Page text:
Visual Patterns

The eye is attracted by various patterns. A solemn, quiet mood corresponds to slow, smooth-flowing lines; a rapid staccato is best for dramatic situations.

Filming Visual PatternsLines can create specific feelings:

  • Horizontal lines bring about calm and tranquillity.
  • Vertical lines are for strength and dignity.
  • Diagonal lines show speed.
  • Curved lines convey serenity.
  • Converging lines indicate depth.

Leading Lines

These are natural lines that occur in the image. They lead the viewer’s eye in the direction the director wants the public to look at. The eyes quite naturally follow the lines to the subject.

Rule of Thirds

The rule of thirds is a practical aid to help compose a picture. Divide the screen into thirds both horizontally or vertically. The rule is that the main subject should be on one of those lines, possibly on the intersection of two of the lines, it shall not be in the middle of the image but before or after the centre of the image, depending on the effect the director would like to achieve. Still, the rule is only a guideline. Good camera operators just follow it instinctively.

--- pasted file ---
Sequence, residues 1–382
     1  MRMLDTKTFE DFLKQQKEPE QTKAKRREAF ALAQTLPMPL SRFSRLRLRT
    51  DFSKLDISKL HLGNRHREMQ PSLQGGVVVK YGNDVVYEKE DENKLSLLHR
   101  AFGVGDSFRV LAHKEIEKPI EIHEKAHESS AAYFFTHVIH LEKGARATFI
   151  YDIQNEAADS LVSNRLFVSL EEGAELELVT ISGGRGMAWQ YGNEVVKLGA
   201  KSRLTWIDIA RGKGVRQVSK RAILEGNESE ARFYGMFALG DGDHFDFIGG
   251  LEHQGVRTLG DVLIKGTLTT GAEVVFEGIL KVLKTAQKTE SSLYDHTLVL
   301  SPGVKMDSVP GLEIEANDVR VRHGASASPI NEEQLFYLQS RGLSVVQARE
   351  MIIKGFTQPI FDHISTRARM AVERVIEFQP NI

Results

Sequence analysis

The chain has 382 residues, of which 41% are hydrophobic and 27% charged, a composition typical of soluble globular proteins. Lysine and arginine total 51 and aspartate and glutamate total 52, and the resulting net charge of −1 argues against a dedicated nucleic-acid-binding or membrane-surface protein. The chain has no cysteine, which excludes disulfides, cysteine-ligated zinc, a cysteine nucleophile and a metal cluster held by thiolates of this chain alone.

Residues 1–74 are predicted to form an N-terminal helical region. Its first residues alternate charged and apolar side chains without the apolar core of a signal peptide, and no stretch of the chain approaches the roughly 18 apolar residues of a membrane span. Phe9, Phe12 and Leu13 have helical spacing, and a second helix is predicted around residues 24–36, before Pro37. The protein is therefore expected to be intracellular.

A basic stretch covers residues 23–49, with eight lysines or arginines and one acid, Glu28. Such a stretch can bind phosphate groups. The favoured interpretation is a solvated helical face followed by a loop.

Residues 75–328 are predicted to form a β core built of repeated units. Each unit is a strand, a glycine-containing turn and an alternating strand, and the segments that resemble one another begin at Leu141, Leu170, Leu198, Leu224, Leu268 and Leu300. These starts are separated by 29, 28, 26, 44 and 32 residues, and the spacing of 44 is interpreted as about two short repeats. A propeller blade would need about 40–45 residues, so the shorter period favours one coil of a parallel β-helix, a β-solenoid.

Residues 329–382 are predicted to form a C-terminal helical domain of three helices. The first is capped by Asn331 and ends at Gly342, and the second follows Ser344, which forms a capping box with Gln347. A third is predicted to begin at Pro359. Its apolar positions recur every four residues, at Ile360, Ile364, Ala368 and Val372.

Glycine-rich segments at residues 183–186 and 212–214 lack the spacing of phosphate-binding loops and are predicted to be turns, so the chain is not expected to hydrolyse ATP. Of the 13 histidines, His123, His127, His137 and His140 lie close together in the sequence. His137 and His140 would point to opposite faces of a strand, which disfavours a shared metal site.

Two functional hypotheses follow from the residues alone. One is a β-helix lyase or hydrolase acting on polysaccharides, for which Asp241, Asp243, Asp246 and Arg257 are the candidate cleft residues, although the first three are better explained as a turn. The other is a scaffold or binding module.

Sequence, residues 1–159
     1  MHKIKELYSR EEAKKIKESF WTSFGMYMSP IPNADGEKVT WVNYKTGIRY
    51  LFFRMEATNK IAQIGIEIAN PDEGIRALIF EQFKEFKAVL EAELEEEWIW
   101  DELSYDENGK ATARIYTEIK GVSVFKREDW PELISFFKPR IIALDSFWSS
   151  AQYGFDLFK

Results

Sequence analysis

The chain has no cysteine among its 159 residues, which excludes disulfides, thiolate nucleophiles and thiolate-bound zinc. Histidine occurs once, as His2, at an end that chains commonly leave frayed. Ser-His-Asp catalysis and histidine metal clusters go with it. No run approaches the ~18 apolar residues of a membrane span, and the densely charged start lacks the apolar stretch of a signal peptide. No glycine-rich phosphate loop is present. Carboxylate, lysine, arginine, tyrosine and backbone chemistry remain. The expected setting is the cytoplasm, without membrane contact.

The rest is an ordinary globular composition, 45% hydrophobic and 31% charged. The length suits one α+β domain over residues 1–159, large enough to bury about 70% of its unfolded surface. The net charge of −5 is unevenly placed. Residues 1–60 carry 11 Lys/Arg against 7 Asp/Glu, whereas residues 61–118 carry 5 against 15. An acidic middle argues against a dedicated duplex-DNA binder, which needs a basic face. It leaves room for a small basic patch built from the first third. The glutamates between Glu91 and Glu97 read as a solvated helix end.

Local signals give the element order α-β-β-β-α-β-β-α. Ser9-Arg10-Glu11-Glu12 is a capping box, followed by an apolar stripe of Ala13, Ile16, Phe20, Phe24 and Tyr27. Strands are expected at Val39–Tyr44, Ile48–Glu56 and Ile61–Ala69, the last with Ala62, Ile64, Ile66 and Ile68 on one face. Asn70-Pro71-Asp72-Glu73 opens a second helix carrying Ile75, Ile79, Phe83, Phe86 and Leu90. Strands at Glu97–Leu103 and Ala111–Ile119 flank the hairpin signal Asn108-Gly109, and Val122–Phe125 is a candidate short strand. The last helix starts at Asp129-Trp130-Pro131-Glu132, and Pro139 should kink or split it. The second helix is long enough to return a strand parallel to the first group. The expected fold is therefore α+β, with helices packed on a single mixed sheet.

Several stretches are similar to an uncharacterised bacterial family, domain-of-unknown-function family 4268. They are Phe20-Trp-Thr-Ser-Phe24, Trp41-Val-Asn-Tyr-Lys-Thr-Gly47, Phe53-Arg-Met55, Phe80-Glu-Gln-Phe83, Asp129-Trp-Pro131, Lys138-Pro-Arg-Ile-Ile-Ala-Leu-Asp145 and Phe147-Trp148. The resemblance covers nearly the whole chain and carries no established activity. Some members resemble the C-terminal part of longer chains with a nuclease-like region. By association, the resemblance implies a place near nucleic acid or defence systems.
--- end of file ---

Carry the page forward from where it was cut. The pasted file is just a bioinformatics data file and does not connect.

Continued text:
We judge how large or small a thing is by comparing it to items that we recognize in the picture. Otherwise, we can only guess and eyes can be easily fouled. That is what perspective lines are for – to support our impression of scale and relative size.

Subject Prominence

The environment of a subject may seriously affect our attitude toward it. Depending on how you present a subject, it can appear important or trivial, powerful or weak, interesting or insignificant. It can even be overlooked altogether!

The subject can be emphasized by isolation. The emphasis can be achieved in many ways:

  • By contrasting tones.
  • By the camera height.
  • By the composition of the picture.
  • By the subject’s position and size relative to its surroundings.
  • By using background pattern or form to make the subject look more prominent.